THEREFORE the AdCom appointed the following three interim Names Council
Members, but with two important conditions:
Bill Semich (APTLD)
Nii Quaynor (AFTLD)
Fay Howard (CENTR)
The conditions were (1) that an election would be scheduled on a fair but
aggressive schedule, and (2) that the three selected Names Council members
would not be eligible to run in that election. (It should be noted that no
formal rule was put in place regarding these members' standing for election,
but all three indicated that they would not run. This was deemed sufficient
by all members of the AdCom.)
The AdCom also asked Antony Van Couvering to relay the news of the selection
of these three members of the Names Council to the ICANN Board.
Finally, the AdCom drafted the following letter and transmitted it to the
"To the Interim Names Council.
We, the undersigned, being the members of the Initial Administration
Committee of the ccTLD Constituency of the DNSO of ICANN, hereby advise the Interim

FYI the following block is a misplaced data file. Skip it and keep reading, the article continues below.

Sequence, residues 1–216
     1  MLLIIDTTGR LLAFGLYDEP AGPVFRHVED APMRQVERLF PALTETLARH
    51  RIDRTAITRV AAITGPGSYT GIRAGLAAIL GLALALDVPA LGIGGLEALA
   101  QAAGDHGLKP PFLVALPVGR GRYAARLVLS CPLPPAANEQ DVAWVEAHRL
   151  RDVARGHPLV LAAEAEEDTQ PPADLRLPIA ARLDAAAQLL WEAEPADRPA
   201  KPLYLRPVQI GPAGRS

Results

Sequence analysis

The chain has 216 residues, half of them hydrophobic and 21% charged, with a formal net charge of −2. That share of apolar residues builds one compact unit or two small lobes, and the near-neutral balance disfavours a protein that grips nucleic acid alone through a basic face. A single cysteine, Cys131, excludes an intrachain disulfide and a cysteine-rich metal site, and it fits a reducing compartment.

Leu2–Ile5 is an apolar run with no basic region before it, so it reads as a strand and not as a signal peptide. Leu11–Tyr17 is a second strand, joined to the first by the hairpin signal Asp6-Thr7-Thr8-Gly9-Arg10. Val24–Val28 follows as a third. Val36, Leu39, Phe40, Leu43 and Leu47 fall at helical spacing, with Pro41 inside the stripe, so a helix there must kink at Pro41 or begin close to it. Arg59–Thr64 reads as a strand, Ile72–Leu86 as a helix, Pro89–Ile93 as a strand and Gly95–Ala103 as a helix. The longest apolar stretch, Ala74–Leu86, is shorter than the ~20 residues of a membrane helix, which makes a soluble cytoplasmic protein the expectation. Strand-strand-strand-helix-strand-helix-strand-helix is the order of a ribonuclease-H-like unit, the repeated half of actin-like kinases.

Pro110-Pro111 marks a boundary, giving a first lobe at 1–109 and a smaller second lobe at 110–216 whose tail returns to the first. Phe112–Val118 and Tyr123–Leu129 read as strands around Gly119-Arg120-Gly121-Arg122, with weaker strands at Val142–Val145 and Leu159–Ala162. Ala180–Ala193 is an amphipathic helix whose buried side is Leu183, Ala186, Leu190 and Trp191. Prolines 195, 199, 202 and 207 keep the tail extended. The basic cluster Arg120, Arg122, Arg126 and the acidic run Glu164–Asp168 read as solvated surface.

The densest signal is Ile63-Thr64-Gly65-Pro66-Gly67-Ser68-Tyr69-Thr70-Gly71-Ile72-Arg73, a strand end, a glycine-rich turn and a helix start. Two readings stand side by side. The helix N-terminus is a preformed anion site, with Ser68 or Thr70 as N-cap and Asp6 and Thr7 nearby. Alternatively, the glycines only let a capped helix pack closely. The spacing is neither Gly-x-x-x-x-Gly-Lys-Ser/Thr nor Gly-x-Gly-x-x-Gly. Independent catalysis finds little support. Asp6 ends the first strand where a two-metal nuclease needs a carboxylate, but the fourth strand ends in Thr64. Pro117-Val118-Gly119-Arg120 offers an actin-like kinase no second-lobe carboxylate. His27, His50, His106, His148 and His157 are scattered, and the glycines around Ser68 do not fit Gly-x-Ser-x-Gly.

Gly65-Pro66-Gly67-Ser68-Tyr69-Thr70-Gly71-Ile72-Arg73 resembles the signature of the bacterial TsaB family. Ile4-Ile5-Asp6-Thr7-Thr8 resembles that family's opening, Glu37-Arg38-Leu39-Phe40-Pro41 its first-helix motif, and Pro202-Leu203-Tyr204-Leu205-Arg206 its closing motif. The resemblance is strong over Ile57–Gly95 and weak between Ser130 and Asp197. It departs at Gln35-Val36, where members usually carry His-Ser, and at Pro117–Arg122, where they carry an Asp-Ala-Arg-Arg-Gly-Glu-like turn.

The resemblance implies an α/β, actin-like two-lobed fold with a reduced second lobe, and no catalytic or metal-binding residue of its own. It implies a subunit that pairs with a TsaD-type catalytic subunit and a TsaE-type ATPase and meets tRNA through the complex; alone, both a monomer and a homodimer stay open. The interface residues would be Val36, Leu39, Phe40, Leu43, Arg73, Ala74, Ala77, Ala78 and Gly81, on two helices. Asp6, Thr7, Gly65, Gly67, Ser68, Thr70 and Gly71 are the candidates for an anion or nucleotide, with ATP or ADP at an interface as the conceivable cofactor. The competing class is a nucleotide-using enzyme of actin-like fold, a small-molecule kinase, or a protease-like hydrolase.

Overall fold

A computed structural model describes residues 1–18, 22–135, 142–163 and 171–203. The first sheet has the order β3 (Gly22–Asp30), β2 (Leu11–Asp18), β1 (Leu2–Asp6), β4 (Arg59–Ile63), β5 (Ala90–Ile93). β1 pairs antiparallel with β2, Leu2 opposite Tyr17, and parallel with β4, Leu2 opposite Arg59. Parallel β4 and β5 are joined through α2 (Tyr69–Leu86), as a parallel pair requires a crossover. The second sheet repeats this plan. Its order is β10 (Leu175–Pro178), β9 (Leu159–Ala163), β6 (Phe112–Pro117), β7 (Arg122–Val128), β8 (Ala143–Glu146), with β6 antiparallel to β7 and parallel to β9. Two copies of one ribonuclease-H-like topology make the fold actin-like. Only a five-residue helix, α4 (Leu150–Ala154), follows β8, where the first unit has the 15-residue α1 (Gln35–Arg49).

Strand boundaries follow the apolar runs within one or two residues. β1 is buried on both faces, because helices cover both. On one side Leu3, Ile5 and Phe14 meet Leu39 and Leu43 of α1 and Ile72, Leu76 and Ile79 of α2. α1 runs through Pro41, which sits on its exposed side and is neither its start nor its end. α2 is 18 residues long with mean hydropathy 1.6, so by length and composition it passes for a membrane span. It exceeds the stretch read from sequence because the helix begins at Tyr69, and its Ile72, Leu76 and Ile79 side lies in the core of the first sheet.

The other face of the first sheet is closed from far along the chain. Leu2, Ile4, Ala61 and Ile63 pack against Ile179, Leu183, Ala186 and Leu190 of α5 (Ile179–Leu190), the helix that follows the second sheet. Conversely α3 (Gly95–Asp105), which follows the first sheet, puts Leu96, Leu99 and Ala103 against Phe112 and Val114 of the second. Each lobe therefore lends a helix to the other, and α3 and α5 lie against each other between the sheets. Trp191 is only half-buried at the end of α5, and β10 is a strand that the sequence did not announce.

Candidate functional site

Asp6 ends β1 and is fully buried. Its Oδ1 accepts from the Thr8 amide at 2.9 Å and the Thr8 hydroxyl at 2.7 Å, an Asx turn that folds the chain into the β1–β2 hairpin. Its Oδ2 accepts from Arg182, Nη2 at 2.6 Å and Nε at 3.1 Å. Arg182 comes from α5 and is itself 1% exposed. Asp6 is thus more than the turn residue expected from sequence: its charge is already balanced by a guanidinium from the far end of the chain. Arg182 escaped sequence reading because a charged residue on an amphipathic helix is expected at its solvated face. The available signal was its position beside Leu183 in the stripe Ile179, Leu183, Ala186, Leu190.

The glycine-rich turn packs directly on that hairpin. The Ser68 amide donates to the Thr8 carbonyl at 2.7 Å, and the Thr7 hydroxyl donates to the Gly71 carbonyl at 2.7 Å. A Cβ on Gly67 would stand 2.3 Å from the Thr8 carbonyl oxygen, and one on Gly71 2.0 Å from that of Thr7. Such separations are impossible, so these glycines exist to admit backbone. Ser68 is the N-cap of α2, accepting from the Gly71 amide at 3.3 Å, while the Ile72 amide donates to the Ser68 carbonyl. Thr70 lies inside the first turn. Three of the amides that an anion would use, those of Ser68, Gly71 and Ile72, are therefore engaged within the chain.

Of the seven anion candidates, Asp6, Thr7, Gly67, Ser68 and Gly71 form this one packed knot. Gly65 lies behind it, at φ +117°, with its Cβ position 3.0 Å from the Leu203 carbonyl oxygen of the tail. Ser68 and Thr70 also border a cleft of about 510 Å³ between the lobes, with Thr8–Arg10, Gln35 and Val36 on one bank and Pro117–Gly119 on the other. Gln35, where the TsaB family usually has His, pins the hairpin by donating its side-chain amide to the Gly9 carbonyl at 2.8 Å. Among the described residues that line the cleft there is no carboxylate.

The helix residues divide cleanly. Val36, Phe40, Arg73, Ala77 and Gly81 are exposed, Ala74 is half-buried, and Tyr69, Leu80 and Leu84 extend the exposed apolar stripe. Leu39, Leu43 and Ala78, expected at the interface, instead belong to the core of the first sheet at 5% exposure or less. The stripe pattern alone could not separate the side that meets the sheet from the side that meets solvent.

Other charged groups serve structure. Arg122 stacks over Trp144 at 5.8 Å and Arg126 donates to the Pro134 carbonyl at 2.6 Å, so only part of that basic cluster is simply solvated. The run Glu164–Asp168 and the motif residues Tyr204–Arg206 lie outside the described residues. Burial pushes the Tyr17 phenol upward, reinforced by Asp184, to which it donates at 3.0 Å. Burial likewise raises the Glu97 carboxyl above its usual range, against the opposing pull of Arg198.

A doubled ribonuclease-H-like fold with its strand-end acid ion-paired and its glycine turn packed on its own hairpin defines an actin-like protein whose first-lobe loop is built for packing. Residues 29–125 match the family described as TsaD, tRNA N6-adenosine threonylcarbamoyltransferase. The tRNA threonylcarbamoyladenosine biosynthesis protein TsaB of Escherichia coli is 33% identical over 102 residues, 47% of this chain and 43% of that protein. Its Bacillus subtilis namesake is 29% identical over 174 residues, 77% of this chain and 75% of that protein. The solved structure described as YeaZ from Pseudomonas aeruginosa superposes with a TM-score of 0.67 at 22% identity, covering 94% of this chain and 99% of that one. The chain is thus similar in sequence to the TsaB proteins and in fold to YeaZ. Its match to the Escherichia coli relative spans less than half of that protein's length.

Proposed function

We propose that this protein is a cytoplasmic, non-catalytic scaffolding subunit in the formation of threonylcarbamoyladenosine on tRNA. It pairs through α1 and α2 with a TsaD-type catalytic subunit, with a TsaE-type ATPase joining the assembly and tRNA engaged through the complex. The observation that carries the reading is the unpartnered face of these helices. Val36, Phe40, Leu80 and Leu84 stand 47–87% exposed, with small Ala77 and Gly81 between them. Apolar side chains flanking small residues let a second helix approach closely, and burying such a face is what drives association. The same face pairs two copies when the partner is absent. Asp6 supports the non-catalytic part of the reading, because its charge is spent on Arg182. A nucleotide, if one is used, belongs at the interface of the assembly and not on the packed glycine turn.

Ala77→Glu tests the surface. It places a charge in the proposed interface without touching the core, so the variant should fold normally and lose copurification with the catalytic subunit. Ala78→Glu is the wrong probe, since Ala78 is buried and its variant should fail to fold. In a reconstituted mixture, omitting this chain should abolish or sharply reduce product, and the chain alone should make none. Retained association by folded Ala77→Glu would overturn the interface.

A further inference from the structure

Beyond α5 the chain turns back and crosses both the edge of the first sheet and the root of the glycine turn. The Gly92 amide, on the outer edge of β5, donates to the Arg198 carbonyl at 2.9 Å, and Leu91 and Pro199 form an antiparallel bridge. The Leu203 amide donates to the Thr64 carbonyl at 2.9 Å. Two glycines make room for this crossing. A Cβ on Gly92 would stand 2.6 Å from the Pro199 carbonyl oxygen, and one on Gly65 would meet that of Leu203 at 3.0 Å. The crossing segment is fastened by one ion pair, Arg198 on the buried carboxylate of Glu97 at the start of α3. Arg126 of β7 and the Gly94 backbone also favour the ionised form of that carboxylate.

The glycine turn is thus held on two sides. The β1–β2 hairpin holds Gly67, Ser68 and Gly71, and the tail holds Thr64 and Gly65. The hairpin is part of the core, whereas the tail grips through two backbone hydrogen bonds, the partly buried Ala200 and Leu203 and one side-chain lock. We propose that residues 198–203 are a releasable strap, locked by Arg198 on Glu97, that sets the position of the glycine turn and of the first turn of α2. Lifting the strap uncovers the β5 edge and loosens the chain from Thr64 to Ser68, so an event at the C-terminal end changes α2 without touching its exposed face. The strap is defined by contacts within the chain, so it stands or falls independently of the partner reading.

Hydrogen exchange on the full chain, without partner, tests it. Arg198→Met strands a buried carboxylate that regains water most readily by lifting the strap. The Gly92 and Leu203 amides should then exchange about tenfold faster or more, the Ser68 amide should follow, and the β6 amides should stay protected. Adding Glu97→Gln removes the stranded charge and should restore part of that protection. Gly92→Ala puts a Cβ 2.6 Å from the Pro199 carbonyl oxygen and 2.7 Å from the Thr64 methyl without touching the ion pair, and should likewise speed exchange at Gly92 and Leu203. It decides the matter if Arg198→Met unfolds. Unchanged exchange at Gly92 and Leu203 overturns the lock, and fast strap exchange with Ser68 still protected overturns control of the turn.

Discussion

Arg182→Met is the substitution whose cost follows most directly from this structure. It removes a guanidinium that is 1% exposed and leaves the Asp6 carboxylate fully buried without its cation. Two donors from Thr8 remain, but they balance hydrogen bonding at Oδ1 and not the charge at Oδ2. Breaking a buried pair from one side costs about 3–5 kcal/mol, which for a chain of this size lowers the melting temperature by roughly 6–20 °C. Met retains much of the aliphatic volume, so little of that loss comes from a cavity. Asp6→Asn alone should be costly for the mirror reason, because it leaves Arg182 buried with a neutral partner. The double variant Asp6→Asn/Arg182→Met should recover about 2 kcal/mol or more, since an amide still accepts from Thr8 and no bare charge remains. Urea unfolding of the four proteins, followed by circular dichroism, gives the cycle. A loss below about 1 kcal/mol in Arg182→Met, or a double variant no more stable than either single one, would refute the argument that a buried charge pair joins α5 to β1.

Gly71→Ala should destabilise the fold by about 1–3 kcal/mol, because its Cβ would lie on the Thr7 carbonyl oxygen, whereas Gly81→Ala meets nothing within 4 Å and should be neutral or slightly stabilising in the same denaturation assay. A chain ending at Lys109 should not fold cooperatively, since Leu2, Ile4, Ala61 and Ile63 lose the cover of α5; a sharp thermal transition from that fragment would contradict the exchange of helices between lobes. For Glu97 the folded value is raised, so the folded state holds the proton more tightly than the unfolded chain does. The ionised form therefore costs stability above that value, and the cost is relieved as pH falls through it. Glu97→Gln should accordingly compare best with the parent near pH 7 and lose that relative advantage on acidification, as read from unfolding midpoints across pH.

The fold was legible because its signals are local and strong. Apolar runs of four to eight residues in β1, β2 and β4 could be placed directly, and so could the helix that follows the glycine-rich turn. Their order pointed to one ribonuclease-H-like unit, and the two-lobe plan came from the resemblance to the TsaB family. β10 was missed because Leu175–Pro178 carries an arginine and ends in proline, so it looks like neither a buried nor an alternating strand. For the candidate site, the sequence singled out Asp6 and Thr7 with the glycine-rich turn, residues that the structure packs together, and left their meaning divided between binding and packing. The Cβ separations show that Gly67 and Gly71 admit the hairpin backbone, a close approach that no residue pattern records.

Names Council of the DNSO, that the following was adopted at its meeting on
22 June 1999 at San Jose.
Resolved: The Administration Committee of the ccTLD Constituency requests
requires that the Names Council of the DNSO of ICANN open up the Working
Groups of the DNSO to participation by all interested and expert parties,
there be no artificial deadlines or constraints on the times at which such
parties may join the Working Groups, and that all the work of such Working
Groups be conducted openly and transparently.
On behalf of the Administration Committee of the ccTLD Constituency.
Peter de Blanc, Kilnam Chon, Antony Van Couvering, Dennis Jennings, Nii
Quaynor, Oscar Robles."
2. Procedures for electing Names Council members from the ccTLD-C
The AdCom unamimously agreed to announce and hold elections on a schedule to
produce full-fledged Names Council members in time for the ICANN meeting in
Santiago, Chile, which begins August 23, 1999.
There were several problems/issues addressed:
A. Who gets to vote
B. Who will organize the election
C. Who will serve as the "trusted third party" to administer the vote and count ballots
D. Who will cover the costs
E. What is the schedule
A. Who gets to vote - This issue was thrown around at the informal ccTLD